And so I’ve been striking these high flyers off my list. I’ve been ruthless in my skepticism. Any company that has enjoyed a sales boost and record profit margin gains over the past 2 years gets absolutely no credit from me for a continuation of those results. I’ve been assuming we eventually do a complete round trip with sales falling back to pre pandemic levels (once adjusted for inflation and previous growth trends) and that profit margins likewise retreat to pre pandemic levels. This eliminated many companies from consideration that on the surface looked quite attractive because of their low p:e ratios relative to bloated 12 month trailing earnings and high recent growth rates.
In tarring all these companies with the same brush, I am probably throwing my own fair share of babies out with the bath water. Some of these companies may have other, very legitimate and more sustainable reasons for their recent success. But until the tide turns, I won’t know which ones those are. As always, I’m erring on the side of caution.
This skeptical outlook led me to sell two of my existing holdings: Preformed Line Products and Hammond Power Solutions. Both of these companies were lucky enough to get on board the pandemic gravy train and both have ridden it over the past year to record high earnings. Their share prices have followed the elevated profits higher. Preformed has doubled from where I bought it last spring and Hammond is up by a whopping 6 times what I bought it for earlier in the pandemic!
The same dynamic of robust demand and constrained supply in the electrical power paraphernalia sector let these two companies jack up their selling prices more than the increase in their underlying costs really justified. The result has been high profit margins and record high profits. I’m applying the same conservative treatment to these two as I am to the myriad other companies that are showing the same pattern. I’m taking sales and earnings back down to pre-covid trend lines and deciding that the current share price represents a fair value to those more conservative future earnings expectations. Never one to overstay my welcome, I decided to take my profits off the table before I am left holding the bag.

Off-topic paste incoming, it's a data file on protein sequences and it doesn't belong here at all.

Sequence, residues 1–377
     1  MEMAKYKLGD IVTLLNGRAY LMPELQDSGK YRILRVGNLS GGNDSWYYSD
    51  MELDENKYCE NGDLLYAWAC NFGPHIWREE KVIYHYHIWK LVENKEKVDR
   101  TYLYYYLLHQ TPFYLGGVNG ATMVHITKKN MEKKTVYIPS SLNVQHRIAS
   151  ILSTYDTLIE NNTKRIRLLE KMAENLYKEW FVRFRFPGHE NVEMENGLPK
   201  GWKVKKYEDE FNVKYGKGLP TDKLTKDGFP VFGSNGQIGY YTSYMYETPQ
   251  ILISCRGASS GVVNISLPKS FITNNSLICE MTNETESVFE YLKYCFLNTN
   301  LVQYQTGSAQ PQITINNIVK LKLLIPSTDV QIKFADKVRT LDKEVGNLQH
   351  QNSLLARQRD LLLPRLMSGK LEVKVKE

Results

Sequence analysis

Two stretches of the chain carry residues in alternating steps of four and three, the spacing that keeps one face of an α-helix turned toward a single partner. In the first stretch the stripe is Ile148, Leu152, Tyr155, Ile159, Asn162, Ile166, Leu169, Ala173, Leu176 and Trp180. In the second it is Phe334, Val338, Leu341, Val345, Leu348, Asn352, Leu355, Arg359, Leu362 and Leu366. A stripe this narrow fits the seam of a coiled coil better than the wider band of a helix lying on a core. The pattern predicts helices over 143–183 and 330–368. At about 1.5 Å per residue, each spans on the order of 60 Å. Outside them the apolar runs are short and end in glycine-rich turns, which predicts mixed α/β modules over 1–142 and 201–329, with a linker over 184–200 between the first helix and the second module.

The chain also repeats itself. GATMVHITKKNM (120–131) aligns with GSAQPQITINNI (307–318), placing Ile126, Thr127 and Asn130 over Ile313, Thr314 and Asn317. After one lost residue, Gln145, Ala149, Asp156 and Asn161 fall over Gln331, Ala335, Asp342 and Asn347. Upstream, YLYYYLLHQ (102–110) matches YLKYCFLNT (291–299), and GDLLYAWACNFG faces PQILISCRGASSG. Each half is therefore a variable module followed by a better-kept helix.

Which left me searching for some replacements. Unsurprisingly, given my level of skepticism right now, I didn’t come up with much. Because I’m excluding any company that has been uncharacteristically successful over the past year or two, by process of elimination I’m therefore concentrating my attention on the companies that have been the least successful. Which seems deliciously contrarian.
A World In White
This review of the least successful companies led me to my new pick, Kronos Worldwide (KRO.NYSE – $9.21). On the face of it, things don’t look great for Kronos. This company makes titanium dioxide, a white pigment found in pretty much everything from washing machines to sunscreen to laminate flooring to (unsettlingly, since it’s a known carcinogen) food and pharmaceuticals. (On a sidenote, by complete coincidence, no sooner had I finished buying this stock last week than a news item popped up on my news feed saying that California was considering passing a law banning the sale of Skittles and other offending candies in the state because they contained TiO2. What with it being a carciniogen and all. Apparently Europe passed the same ban years ago. I decided this new piece of information did not derail my investing thesis.)